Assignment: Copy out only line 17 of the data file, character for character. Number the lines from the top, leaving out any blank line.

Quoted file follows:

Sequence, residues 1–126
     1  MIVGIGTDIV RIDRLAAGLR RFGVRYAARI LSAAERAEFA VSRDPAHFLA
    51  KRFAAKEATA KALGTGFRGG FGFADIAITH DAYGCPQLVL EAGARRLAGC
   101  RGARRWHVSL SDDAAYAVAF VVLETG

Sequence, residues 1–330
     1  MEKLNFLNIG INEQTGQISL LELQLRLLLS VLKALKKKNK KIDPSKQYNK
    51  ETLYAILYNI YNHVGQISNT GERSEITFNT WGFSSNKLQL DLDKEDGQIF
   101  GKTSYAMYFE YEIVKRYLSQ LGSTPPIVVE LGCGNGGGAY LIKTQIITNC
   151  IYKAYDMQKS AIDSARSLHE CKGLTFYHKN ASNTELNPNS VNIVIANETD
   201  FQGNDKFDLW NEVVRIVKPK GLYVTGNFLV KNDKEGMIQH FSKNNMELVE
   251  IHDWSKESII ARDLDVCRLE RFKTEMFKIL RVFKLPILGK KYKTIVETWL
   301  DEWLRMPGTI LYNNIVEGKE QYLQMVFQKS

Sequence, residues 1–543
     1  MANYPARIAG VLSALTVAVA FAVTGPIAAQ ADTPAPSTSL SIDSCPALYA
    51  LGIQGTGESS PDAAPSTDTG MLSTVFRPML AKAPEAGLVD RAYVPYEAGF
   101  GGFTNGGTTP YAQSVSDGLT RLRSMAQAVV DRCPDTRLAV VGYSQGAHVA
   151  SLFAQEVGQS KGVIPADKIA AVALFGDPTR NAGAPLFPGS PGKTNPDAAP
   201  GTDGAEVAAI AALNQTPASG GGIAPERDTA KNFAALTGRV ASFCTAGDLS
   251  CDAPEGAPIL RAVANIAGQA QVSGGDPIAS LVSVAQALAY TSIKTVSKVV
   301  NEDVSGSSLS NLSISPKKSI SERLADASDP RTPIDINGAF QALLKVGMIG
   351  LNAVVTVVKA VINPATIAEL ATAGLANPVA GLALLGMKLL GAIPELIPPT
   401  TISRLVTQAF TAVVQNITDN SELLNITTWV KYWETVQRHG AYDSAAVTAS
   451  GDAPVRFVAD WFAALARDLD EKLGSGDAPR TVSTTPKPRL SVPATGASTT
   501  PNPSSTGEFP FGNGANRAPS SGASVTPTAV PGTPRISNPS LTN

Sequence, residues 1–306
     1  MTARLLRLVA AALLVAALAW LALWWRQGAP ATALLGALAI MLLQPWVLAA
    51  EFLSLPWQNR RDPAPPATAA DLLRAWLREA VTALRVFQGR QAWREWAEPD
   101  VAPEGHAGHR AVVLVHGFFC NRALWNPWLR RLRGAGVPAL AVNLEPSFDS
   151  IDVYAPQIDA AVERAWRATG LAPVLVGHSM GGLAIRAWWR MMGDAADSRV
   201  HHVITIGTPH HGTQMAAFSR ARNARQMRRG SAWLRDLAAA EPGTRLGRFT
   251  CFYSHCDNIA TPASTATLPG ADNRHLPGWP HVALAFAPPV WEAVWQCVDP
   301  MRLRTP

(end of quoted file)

   151  SLFAQEVGQS KGVIPADKIA AVALFGDPTR NAGAPLFPGS PGKTNPDAAP